Early Stage Tech Startup Funding

The way you handle early funding for your software development venture may determine the entire course of your company’s future. From an exit strategy to your valuation, every major milestone of the future is largely based upon the decisions that you make at startup. But what kind of investments should you consider at the start of your journey? Watch this video to get an idea of what types of investment you should consider and why.

Video Transcript:

Why would investors invest in early stage tech startup funding opportunities?

When you do speak to investors, the issue with investing in early stage companies, as I said, is that it is very risky. Traditionally 1 out of 20 start ups succeed.

The issue is that with this type of investor, and the type of conversations we have had with early stage investors is that, they are looking for a bang for their buck. They don’t want to come into a high valuation. They’re happy to back an Expert 360, which is called a disruptive innovator in the technology market, at that $1 million valuation and exit at 20, 30, 40 x that.

The issue with investing in early stage businesses is that your time horizon needs to be, at the minimum, 3-5 years before an exit. You need to be prepared to hold that investment for a very long time.

Pre-IPO funding

These are just examples of how you, as a business owner, would get capital.

1. Co-working incubators

The first part is co-working incubators. There are a lot of incubators out there such as Stone & Chalk or Incubate or Monash University or the York Butter Factory, where you can hire co-working space. You go over there, you can hire a desk, it only costs around $600 a month, and they provide resources and strategic advice. The good thing is you are in the same boat as a lot of these early stage businesses. You can share information, it’s great for business innovation.

There is a catch. The catch is these incubators want to buy a stake in your business for very little. That is something you have to weigh up.

2. Angel investors / crowd funding

Obviously there are angel and crowd startup funding investors. There are companies like Our Crowd or Equitise or Melbourne Angels or Venture Crowd that are essentially crowd funding. Does everyone know what crowd funding is? It is an ability to share your business into the crowd. Guys like us look at that as a form of deal flow.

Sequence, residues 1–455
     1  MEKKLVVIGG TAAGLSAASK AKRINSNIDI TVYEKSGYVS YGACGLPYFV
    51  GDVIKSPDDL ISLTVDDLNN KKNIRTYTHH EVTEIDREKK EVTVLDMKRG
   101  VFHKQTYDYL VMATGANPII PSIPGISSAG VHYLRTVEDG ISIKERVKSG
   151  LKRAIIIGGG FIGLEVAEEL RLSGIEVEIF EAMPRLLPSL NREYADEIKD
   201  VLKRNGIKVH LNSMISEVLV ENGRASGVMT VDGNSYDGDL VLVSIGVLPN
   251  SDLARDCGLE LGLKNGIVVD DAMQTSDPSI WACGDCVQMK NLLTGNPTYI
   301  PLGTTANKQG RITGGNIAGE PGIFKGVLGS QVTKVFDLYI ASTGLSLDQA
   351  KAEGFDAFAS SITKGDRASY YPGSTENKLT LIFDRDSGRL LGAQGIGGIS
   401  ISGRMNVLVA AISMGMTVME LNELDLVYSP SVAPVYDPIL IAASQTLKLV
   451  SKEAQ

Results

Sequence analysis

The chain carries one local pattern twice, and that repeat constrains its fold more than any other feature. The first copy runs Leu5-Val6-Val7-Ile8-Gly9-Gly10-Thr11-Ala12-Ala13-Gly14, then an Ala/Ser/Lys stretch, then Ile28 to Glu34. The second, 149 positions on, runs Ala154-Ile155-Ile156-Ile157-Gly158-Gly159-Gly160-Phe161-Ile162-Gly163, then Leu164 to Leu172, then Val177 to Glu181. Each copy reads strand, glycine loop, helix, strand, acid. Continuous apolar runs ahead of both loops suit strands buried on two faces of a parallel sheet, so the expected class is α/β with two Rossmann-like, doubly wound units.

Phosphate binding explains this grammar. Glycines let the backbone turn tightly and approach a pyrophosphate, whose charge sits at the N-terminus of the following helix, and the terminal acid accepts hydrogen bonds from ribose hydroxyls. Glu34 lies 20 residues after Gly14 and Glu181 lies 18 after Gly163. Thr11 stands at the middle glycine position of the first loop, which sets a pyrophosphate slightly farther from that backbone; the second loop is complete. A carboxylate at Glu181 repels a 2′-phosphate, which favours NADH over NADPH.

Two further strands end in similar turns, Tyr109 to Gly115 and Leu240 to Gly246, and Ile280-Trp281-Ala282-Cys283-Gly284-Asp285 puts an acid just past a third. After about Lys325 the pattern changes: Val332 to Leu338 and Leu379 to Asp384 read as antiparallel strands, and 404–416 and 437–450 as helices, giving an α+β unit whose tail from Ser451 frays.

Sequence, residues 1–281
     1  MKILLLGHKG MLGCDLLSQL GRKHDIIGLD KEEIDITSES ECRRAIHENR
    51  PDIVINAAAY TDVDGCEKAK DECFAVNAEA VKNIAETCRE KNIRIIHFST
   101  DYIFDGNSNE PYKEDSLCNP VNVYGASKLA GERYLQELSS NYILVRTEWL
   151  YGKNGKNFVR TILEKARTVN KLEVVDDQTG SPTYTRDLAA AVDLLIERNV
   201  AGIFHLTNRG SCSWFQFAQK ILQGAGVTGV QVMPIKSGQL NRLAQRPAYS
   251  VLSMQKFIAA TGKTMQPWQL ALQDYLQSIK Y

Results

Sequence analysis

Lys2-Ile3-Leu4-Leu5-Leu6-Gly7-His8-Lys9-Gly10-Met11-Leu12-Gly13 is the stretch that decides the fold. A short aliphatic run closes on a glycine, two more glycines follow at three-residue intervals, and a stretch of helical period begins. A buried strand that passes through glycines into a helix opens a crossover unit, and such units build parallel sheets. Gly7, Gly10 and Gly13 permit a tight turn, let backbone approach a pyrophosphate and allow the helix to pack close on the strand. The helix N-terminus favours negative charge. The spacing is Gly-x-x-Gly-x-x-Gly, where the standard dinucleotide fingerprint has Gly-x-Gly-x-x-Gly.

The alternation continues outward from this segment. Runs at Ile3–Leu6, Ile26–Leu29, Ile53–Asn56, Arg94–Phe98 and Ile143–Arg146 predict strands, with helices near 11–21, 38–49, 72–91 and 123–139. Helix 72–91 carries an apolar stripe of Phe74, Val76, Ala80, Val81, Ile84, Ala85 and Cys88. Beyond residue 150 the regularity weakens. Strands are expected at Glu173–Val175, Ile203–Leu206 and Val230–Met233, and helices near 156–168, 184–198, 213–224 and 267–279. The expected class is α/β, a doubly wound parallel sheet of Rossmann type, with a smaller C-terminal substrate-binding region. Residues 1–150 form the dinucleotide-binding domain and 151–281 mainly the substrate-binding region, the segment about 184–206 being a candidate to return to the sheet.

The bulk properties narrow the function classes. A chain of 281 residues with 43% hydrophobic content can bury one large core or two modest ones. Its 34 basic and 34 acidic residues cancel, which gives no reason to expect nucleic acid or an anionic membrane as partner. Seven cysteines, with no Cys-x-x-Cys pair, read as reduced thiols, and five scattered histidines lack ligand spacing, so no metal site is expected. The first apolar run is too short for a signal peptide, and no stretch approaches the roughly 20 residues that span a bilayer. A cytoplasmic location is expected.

The good thing about that is you might not have to give that much away. The type of investors who come into those crowd funding platforms are high network investors that want to get access to deal flow that they don’t see anywhere in the market; like BHP, Rio Tinto or Woolworths. They are looking for those early stage businesses because they want to back them. In that situation the good thing as well is that the Equitise or the Our Crowd or the Venture Crowd you hope have done some sort of due diligence as well. That is important.

3. Venture capitalists

Then obviously you’ve got the venture capital route. The thing with venture capital is that, similar to the co-working incubators, they really want to take a very large stake in your business for very little, the positive is that they’re very well connected.

They’re normally traditionally from a venture capital model and they want a board seat. That could be a good thing or a bad thing. If you’re the boss and you don’t want to listen to anyone else telling you what to do, well unfortunately you have to, because they control 30% of your business. They control what you do.

Traditionally investors don’t necessarily like, depending on where the venture capital round is, to come in just before the pre-IPO. Normally a lot of these venture capital guys or the private equity guys have already made a lot of their money. When they do IPO the business, they don’t leave much for the retail investor.

As you can appreciate, every consideration for early investment has to be measured and calculated based on your instincts, intuition and long term goals. Crowd funding, angel investment and various strategies all have their positives and negatives. Measuring your current needs should include your definitive plan for growth. You should also consider keeping the percentage of ownership that provides a healthy trajectory for your startup. Consider your options with research and care for the best chance at long term success.

Do you need help to find the best pathway for your software development goals? Contact us right away; we look forward to hearing from you.

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